Check out HubSpot’s Content Mapping Template to get started now!

3. Staying in the Comfort Zone

For content marketers, nothing is more exciting than seeing your work pay off in big ways. Your blog articles continue to generate loads of traffic. Your gated resources are bringing in a lot of awesome leads.

But just like everything, there is no set-it-and-forget-it strategy. It’s a great idea to stick with what’s working, but you also need to consider what will work tomorrow.

It’s tempting to stick with what makes you comfortable as a content marketer, but don’t let your comfort zone hold your creativity back. This leads to boring, repetitive content. Merely creating the same content in the same formats won’t get you far.

Do this instead:

Strive to test your efforts as you diversify your content strategy. For example, experiment with new topics and new angles that address specific challenges your buyer personas have.

Also, explore new formats, such as:

  • Original research reports
  • Checklists
  • Podcasts
  • Video
  • Whitepapers
  • Case studies
  • Infographics
  • Ebooks
  • Quizzes
  • Slide decks
  • Worksheets
  • Product reviews

When you branch out, you can uncover awesome new formats that engage your audience in ways you’ve never seen before. Just make sure you measure, analyze, and adjust your strategy as you explore new avenues. 

4. Working Behind Closed Doors

Content teams that work in silos are not in tune with leads as much as they can be. This kills lead nurturing because other departments, specifically sales, can deliver valuable data on leads. This information can help you better tailor content to them.

Your other teams can deliver amazing insights into who your leads are and where they need targeted content based on their stage in the buyer’s journey. Otherwise, you’re taking shots in the dark with your strategy.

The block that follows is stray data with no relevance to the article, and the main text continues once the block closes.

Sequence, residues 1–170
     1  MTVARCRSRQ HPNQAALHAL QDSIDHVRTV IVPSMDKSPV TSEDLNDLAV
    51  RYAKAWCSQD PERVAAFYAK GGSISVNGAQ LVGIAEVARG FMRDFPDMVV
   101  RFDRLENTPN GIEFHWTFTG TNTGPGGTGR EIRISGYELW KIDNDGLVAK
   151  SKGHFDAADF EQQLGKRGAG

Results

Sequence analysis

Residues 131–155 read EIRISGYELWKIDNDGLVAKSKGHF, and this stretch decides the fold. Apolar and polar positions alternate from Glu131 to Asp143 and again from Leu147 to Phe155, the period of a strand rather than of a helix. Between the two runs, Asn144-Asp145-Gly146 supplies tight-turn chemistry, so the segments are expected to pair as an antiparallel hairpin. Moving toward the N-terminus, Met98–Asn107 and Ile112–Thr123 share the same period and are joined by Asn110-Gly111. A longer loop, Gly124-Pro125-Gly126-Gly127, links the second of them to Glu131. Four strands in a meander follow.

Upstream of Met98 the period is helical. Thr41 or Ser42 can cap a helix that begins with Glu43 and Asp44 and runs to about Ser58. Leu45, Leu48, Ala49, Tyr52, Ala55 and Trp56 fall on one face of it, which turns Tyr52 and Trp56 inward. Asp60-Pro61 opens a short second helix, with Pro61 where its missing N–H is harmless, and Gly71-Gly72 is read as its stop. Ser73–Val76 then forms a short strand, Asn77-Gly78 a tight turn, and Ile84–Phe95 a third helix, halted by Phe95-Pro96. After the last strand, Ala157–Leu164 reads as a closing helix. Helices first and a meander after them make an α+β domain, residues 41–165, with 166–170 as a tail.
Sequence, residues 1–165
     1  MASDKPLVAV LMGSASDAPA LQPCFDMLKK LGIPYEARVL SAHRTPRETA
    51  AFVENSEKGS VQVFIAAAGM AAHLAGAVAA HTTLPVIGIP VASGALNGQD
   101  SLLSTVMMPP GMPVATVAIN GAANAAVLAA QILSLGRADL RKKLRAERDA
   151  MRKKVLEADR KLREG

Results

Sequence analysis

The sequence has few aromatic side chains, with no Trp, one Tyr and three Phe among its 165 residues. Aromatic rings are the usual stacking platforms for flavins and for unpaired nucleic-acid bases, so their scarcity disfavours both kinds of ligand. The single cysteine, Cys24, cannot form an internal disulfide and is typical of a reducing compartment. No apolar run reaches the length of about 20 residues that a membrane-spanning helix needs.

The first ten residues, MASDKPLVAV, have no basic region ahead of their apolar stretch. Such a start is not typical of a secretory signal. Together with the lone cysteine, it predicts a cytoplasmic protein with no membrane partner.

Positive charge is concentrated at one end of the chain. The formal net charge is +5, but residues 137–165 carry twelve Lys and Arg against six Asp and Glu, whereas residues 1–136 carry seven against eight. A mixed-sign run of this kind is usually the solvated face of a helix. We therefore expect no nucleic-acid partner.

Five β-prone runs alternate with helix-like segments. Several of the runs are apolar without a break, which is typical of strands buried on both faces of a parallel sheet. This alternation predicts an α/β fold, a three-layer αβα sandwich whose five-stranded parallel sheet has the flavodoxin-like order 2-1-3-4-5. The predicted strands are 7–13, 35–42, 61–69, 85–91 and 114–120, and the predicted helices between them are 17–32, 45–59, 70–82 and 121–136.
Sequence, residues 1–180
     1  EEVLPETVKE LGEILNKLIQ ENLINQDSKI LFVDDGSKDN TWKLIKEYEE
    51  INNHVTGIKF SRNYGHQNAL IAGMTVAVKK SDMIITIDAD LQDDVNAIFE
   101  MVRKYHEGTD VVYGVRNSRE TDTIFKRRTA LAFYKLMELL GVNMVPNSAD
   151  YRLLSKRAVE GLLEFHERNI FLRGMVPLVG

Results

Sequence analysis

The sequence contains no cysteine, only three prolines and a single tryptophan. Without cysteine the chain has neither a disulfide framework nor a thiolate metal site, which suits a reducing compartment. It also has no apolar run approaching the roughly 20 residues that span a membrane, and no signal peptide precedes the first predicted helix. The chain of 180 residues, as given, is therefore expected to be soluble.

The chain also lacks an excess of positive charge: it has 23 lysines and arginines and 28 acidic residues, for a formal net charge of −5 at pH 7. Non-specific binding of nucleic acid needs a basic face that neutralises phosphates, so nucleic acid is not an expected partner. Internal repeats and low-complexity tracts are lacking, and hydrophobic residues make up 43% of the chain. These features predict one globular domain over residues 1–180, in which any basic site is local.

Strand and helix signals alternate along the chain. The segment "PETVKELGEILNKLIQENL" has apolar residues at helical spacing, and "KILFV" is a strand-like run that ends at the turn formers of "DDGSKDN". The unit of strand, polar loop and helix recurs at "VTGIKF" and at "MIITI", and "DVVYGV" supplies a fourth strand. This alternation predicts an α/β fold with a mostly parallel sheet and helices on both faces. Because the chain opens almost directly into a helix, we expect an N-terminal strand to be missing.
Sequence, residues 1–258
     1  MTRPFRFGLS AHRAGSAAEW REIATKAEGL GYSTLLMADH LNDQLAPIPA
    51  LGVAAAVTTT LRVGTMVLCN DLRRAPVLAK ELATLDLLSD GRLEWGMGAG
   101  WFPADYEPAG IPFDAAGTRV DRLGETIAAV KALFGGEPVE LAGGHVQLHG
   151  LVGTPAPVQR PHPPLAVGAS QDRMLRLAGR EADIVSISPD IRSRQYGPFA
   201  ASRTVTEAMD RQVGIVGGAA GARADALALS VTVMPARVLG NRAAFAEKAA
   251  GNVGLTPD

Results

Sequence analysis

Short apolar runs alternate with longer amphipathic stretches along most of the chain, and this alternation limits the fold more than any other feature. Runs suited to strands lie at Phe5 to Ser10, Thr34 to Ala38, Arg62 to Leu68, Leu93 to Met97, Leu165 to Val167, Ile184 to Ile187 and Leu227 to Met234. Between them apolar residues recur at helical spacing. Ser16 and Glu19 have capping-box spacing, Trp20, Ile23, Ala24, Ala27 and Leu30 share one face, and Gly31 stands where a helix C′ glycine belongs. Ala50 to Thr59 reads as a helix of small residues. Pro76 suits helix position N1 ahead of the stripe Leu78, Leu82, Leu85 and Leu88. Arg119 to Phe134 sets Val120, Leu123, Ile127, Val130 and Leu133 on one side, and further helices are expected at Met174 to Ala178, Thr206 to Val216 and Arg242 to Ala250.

Do this instead:

CSO Insights’ 2014 Sales Performance Optimization Study found that a staggering majority (89%) of companies that aligned sales and marketing lead generation efforts reported measurable increases in the number of leads that turned to opportunities as a result of continuous nurturing.

This shows the big impact marketing and sales alignment has on overall business goals. Establish a smarketing approach so everyone is on the same page.

Smarketing starts with a service level agreement (SLA). Traditionally, SLAs are used to tell a customer exactly what they’ll receive from a service provider. But your smarketing SLA is a little different -- it’s an agreement that details marketing and sales goals. This document is used by both teams as a commitment to support one another.

Unfortunately, according to HubSpot’s 2018 State of Inbound report, only 26% of respondents say they operate under a marketing and sales SLA.

But of those who say they’re tightly aligned with an SLA, a whopping 85% say their marketing strategy is effective. Also, 69% of those using an SLA said they generate the highest quality leads for their sales team through their inbound practices.

Bottom line: create an SLA for marketing and sales to align, and meet regularly to discuss content strategy.

The best time to stop these bad habits and create new ones is right now. Make the most of your content creation efforts, and keep lead nurturing at top of mind as you plan and execute. New Call-to-action

Jeff Previte

Jeff Previte

I am a Content Manager at Bluleadz. I enjoy spending time outdoors -- camping, hiking, hammocking, and everything in between. I also love reading, writing, and learning how to play guitar.